Username Password mechanism

Passwords must be a minimum of 6 characters (see the "Secure Operation" section). The probability of a false positive for a random password guess is less than 1 in 1,000,000. This is also valid for RADIUS or TACACS+ shared secret keys.

The password can consist of alphanumeric values, a-zA-Z0-9, yielding 62 choices per character. The probability of a successful random attempt is 1/62^6, which is less than 1/1,000,000.

Certificate based authentication

The PIX security appliance supports a public key based authentication with 1024 and 2048 (for RSA) bit keys, and thus the probability of a false positive from a random correct guess is less than 1 in 1,000,000.

A 1024-bit RSA key has at least 80-bits of equivalent strength. The probability of a successful random attempt is 1/2^80, is less than 1/1,000,000.

A 2048-bit RSA key has at least 112-bits of equivalent strength. The probability of a successful random attempt is 1/2^112, is less than 1/1,000,000.


Cryptographic Key Management

The PIX security appliances use a variety of critical security parameters during operation.

Table 6 lists the critical security parameters used by the PIX security appliance.

Table 6 Critical Security Parameters Used by the PIX Security Appliance 

#
Key/CSP Name
Generation/
Algorithm
Description
Storage
Zeroization

1

RSA public/private keys

ANSI X9.31/RSA

Identity certificates for the PIX security appliance itself and also used in IPSec, TLS, and SSH negotiations. While the PIX security appliance supports 512, 768, 1024 and 2048 bit RSA key sizes; 512 and 768 bit RSA keys shall not be used in FIPS mode. 1536 bit keys are not supported.

Private Key—NVRAM (plain text) and RAM (plain text)

Public Key—NVRAM (plain text) and RAM (plain text)

Private Key—crypto key zeroize, write to startup config, then reboot.

Public Key—delete trustpoint from configuration, write to startup config, then reboot.

2

DSA public/private keys

ANSI X9.31/DSA

Identity certificates for the PIX security appliance itself and also used in IPSec negotiations. The PIX security appliance supports 512, 768, 1024 and 2048 bit key sizes.

Private Key—NVRAM (plain text) and RAM (plain text)

Public Key— NVRAM (plain text) and RAM (plain text)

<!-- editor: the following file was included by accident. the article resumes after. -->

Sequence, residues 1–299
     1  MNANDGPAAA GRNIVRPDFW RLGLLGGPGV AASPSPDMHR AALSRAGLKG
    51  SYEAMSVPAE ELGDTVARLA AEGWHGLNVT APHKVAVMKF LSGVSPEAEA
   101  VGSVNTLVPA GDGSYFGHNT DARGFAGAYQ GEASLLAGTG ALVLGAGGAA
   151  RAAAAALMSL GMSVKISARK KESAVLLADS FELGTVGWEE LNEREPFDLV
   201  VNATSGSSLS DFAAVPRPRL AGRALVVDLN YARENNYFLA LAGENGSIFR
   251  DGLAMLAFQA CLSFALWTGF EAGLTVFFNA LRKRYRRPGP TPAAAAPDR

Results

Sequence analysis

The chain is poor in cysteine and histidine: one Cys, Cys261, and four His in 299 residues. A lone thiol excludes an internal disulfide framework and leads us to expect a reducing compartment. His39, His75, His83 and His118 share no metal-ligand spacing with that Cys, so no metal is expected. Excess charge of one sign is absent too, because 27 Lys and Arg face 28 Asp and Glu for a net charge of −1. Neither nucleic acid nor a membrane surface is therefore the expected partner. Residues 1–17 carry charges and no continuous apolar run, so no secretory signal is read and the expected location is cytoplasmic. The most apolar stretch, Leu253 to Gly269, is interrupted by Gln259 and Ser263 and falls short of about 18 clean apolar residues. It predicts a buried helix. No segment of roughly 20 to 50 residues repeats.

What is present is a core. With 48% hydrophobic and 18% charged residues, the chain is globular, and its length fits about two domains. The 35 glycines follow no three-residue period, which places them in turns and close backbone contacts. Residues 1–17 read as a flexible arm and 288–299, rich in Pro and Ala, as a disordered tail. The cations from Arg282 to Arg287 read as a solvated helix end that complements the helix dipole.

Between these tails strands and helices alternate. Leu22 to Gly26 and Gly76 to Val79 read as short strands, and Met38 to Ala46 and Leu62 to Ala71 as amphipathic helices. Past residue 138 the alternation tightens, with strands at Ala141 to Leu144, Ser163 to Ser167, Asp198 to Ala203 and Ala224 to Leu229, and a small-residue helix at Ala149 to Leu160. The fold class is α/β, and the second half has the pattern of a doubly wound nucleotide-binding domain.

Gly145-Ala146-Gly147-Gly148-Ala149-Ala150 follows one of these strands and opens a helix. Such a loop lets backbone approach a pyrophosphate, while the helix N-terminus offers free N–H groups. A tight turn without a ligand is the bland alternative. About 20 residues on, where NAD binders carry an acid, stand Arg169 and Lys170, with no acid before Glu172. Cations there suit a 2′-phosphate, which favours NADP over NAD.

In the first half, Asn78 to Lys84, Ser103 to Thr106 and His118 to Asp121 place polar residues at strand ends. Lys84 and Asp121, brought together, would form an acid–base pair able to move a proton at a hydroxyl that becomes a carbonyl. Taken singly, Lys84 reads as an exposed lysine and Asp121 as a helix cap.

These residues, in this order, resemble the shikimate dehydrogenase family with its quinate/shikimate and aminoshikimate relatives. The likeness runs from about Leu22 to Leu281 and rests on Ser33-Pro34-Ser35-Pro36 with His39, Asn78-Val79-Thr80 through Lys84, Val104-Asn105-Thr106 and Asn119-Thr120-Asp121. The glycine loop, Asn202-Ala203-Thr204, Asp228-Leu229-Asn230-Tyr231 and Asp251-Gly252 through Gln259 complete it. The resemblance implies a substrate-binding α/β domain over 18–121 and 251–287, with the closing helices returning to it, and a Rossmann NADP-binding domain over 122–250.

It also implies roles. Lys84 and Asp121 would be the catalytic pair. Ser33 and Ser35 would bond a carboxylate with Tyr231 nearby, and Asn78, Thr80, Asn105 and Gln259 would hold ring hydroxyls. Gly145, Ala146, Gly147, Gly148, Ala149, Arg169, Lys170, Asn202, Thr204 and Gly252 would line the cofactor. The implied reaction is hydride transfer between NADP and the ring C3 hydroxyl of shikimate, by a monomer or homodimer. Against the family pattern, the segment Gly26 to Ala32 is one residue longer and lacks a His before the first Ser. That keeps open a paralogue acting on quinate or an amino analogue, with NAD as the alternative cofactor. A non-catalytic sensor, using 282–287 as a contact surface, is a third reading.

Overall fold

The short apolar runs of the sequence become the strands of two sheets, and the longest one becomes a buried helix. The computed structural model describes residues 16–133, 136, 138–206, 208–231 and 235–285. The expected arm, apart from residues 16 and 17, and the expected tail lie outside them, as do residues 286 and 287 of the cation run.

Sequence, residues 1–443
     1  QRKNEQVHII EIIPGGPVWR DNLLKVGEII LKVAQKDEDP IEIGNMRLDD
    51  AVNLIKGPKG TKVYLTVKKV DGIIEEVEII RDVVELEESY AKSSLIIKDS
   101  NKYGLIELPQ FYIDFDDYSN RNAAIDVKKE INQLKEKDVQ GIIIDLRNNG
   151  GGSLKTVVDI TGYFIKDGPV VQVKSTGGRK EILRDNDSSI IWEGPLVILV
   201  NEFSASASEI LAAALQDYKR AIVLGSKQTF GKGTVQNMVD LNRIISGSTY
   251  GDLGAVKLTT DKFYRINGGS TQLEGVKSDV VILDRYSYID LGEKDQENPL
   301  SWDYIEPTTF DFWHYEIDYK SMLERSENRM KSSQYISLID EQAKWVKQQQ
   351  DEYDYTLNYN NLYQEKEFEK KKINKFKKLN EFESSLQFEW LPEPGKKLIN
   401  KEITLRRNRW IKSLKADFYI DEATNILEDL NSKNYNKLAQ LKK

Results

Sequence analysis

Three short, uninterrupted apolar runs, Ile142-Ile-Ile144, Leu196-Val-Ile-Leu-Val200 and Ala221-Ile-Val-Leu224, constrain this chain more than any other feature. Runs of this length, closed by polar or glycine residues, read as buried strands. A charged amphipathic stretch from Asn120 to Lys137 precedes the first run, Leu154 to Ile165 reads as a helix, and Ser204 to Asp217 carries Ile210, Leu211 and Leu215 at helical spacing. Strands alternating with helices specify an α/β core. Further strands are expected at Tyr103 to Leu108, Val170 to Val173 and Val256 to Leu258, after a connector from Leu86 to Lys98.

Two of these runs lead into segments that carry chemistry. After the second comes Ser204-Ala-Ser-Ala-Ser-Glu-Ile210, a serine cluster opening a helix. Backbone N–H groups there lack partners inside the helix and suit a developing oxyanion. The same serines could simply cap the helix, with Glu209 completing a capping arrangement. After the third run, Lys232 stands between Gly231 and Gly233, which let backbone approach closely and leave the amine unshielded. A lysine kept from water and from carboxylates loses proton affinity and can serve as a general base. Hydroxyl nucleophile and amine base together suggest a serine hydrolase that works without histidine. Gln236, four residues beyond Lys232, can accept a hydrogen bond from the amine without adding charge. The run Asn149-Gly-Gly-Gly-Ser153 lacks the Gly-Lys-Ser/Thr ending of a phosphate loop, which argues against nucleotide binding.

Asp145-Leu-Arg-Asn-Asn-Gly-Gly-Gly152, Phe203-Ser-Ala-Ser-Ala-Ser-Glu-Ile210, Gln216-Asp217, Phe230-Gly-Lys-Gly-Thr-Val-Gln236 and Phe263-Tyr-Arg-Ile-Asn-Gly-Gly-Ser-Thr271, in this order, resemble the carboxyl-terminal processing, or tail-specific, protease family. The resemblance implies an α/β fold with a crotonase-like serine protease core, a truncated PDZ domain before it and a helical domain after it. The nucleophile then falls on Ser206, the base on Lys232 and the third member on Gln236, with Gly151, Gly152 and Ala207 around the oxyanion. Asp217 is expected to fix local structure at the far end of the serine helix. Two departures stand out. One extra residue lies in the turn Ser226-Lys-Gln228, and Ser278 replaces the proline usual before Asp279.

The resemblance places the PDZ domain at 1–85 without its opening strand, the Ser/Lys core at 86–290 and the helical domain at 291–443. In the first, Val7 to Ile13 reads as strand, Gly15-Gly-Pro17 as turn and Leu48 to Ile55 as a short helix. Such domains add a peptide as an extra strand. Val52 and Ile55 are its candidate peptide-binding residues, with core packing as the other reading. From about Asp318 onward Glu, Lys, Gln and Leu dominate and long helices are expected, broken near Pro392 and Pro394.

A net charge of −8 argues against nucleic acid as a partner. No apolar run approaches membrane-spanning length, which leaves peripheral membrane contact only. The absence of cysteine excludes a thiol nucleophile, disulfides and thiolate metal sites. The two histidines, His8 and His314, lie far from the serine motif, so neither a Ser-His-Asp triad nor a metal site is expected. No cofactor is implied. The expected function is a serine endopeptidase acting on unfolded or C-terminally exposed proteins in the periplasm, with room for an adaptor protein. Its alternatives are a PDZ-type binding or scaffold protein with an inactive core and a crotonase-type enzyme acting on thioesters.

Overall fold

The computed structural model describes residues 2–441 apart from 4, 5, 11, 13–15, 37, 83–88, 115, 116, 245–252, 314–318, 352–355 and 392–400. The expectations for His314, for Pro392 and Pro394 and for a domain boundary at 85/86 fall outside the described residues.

Private Key—crypto key zeroize, write to startup config, then reboot.

Public Key—delete trustpoint from configuration, write to startup config, then reboot.

3

Diffie-Hellman Key Pairs

ANSI X9.31 / DH

Key agreement for IKE, TLS, and SSH sessions. DH groups 1 (768 bits of keying strength), 2 (1024 bits), 5 (1536 bits), and 7 (2048 bits) are supported.

RAM (plain text)

Resetting or rebooting the PIX security appliance.

4

Public keys

DSA / RSA

Public keys of peers

RAM (plain text)

Resetting or rebooting the PIX security appliance.

5

TLS Traffic Keys

Generated using the TLS protocol (X9.31PRNG + HMAC-SHA1 + HMAC-MD5 + either DH or RSA)

Algorithm: Also Triple DES & AES

Used in HTTPS connections

RAM (plain text)

Resetting or rebooting the PIX security appliance.

6

SSH Session Keys

ANSI X9.31 / Triple DES-AES

SSH keys

RAM (plain text)

Resetting or rebooting the PIX security appliance.

7

IPSec authentication keys

ANSI X9.31 / Triple DES-AES / DH

Exchanged using the IKE protocol and the public/private key pairs. These are Triple DES or AES keys.

RAM (plain text)

Resetting or rebooting the PIX security appliance.

8

IPSec traffic keys

ANSI X9.31 / Triple DES-AES / DH

Exchanged using the IKE protocol and the public/private key pairs. These are Triple DES or AES keys.

RAM (plain text)

Resetting or rebooting the PIX security appliance.

9

IKE preshared keys

Shared Secret

Entered by the crypto officer in plain text form and used for authentication during IKE

NVRAM (plain text) and RAM (plain text)

Overwrite keys with new keys, or delete keys from the configuration via the erase flash: command. Write to startup configuration, then reboot.

10

IKE Authentication key

Generated using IKE (X9.31+HMAC-
SHA1+DH). Algorithms: Triple DES, AES, SHA-1

Used to encrypt and authenticate IKE negotiations

RAM (plain text)

Resetting or rebooting the PIX security appliance.